The TravelerComet (C/2020 F3) (NEOWISE), over Butte, Montana, July 14, 2020. July 2020 seemed occupied by tracking and photographing Comet Neowise as it swung by the earth and sun. In defiance of fears that it would disintegrate, the comet came from behind the sun and became visible to our eyes.
I ended up taking a lot of photos (trust me, you will never see most of them) and in the process learned more about how to capture images of celestial objects, while preserving smooth, blue, night-sky gradients.
It seems to be troublesome:
To create this image, I aligned five images (each taken at ISO 3200, f5.6, and 4 seconds) to sharpen the comet and control sensor noise. Keeping the sky smooth was difficult, because that part of the image was still short on the information needed to produce its colors. Increasing the ISO and/or lengthening the exposure would likely have helped.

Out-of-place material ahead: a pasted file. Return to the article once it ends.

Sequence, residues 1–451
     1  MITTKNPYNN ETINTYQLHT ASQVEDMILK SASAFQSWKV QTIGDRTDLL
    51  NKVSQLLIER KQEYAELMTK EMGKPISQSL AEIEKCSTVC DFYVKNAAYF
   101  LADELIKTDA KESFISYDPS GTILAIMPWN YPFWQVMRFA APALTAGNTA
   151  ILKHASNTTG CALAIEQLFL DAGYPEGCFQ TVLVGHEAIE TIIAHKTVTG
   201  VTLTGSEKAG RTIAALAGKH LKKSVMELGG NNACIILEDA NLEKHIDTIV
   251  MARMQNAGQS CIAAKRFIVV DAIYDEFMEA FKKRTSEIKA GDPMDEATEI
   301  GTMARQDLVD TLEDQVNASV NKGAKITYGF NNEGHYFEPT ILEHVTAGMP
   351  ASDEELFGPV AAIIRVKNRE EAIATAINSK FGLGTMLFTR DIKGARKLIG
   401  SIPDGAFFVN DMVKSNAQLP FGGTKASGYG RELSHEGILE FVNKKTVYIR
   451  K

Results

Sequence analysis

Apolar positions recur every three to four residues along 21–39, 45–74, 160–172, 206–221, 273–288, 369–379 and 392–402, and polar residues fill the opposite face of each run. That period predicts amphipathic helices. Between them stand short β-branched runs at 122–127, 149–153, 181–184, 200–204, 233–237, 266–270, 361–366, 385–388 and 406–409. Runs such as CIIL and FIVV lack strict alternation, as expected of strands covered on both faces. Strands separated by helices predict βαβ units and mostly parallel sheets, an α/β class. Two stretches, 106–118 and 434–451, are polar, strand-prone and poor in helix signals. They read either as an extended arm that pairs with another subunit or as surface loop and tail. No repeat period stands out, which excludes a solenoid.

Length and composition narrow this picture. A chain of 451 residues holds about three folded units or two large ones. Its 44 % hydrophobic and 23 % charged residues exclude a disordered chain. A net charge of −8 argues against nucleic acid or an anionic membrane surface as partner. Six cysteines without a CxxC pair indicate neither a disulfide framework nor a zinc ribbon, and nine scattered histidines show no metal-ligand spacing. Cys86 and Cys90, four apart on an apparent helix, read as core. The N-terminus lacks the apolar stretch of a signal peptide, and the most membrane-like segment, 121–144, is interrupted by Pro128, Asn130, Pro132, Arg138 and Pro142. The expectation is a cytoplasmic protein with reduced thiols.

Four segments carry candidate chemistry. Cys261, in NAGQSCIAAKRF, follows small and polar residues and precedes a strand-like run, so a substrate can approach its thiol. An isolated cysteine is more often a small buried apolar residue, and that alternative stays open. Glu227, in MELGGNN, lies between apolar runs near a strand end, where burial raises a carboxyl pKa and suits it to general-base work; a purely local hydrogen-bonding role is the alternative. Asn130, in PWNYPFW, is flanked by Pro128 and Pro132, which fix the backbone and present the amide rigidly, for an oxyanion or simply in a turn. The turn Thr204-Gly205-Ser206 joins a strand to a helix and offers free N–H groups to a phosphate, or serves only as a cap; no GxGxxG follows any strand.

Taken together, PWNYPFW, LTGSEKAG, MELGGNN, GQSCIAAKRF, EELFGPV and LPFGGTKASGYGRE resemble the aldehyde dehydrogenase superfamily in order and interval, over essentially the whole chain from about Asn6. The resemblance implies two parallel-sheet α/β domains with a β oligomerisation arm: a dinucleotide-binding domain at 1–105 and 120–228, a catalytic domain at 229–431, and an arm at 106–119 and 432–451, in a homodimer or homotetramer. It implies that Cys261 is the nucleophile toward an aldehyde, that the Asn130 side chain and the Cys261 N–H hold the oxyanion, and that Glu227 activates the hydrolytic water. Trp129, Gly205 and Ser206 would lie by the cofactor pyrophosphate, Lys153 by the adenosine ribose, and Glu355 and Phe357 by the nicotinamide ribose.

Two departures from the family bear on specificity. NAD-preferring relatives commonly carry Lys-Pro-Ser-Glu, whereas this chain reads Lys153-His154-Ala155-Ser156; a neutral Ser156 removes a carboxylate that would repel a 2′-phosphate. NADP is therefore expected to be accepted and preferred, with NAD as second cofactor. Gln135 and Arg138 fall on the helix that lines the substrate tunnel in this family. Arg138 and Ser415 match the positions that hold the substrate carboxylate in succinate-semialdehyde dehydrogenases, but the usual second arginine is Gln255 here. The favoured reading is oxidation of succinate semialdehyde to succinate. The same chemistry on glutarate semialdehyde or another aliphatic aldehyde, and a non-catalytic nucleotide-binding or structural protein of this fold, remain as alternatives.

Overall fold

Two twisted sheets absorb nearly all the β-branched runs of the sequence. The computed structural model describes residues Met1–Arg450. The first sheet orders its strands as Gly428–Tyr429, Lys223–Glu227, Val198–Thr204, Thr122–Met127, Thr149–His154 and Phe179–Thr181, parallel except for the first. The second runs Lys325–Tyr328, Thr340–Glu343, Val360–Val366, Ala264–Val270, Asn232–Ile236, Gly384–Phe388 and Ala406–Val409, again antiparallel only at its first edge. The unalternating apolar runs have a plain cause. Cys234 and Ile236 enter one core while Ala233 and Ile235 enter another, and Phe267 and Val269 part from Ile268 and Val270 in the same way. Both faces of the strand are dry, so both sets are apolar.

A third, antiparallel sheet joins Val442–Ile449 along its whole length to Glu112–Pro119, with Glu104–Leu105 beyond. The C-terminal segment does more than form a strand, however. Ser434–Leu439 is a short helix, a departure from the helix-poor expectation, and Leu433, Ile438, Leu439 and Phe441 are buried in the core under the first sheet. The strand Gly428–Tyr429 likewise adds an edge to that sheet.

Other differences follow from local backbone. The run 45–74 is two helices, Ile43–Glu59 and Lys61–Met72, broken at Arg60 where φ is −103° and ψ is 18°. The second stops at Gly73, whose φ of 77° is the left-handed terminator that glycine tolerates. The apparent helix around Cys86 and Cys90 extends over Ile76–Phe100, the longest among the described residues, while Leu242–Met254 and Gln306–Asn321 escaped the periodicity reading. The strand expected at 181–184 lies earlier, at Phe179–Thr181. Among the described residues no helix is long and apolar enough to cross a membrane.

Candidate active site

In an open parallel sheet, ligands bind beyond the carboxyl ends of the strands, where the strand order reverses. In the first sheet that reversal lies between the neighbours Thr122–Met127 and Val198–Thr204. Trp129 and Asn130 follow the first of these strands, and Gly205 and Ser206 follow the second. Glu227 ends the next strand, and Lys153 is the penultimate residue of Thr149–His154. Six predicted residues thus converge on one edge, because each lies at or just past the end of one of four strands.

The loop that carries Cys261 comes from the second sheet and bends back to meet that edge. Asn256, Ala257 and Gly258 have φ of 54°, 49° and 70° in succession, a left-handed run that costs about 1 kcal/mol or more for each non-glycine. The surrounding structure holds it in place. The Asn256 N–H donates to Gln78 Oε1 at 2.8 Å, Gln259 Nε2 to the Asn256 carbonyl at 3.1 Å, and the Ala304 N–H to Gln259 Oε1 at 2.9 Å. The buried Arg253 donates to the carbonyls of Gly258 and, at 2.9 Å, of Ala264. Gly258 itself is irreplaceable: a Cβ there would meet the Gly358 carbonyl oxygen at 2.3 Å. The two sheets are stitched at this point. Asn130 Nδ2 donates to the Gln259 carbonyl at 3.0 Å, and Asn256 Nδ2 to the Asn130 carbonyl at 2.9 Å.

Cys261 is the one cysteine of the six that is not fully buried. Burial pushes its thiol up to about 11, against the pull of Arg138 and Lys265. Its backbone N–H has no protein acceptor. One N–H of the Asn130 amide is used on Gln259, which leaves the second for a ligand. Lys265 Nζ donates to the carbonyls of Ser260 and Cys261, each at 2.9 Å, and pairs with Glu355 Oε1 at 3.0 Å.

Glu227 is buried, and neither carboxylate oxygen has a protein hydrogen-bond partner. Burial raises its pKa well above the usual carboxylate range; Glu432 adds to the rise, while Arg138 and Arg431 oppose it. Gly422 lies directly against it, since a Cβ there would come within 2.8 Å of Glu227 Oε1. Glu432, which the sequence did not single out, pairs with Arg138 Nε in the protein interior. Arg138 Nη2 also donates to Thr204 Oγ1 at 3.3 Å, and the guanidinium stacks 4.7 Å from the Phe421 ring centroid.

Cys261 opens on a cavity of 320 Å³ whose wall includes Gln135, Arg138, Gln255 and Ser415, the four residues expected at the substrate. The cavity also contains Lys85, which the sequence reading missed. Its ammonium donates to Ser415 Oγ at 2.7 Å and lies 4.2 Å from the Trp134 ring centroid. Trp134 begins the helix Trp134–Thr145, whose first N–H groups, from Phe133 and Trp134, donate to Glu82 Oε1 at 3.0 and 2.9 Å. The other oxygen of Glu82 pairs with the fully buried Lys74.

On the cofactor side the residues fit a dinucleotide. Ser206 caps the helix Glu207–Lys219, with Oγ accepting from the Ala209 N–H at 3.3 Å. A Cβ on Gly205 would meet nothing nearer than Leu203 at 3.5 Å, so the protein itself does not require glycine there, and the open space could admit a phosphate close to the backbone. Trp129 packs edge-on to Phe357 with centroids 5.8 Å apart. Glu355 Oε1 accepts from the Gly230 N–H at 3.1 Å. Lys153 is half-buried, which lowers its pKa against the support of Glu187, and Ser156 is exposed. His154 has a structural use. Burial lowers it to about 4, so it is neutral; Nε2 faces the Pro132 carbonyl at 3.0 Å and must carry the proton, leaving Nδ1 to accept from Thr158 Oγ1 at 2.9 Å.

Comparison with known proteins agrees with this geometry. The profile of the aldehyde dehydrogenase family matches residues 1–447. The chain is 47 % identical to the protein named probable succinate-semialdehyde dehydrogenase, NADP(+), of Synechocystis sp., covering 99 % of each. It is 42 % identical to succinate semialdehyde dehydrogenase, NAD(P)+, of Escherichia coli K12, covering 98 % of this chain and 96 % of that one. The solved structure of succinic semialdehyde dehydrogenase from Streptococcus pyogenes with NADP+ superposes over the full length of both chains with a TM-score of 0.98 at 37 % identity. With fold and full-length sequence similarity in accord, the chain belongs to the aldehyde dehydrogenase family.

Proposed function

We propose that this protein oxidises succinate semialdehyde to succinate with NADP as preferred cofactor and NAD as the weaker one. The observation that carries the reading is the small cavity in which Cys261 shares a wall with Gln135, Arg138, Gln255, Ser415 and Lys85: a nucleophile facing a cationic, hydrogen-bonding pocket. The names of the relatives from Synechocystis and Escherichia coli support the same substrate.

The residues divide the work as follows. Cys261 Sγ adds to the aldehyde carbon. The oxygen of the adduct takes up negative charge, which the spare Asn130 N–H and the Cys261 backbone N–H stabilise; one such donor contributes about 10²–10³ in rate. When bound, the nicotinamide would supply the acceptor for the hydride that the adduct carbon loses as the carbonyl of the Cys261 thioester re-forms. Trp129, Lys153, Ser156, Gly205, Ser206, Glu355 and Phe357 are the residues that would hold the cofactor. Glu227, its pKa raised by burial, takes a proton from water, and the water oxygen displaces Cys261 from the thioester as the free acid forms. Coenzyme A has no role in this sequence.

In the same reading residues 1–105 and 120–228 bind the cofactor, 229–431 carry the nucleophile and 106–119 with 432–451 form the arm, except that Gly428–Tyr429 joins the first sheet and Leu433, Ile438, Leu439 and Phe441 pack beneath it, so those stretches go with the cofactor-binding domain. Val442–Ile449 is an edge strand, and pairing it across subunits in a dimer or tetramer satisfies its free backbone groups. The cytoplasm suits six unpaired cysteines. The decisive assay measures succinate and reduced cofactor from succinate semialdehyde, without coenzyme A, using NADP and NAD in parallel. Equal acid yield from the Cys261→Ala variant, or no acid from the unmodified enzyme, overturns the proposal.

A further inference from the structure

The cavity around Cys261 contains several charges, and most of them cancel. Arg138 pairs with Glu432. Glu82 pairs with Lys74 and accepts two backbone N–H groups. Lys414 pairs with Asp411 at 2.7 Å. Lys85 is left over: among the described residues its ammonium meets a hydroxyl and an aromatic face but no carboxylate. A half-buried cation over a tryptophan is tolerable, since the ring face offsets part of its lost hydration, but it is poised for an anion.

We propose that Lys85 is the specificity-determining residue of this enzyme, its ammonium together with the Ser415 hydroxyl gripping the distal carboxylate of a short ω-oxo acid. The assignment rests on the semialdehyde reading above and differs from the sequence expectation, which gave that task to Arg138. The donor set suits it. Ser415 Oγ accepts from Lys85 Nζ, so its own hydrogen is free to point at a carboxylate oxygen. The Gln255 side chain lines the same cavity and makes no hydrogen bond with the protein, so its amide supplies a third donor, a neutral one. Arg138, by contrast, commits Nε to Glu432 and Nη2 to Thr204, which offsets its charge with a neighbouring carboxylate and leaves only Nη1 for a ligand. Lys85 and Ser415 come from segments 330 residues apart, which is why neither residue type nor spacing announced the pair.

I like this image because I managed most of the exposure issues and captured some detail in the comet's tail. However, the endmost parts of the tail likely extend off the image to the right. I wish I had moved the comet a little to the left and down so that it didn't crowd the right side.
On the bright side, I have lots of time to learn more about night sky photography; Neowise is not scheduled to return for about 7,000 years. I might have it down by then.
THANKS FOR READING.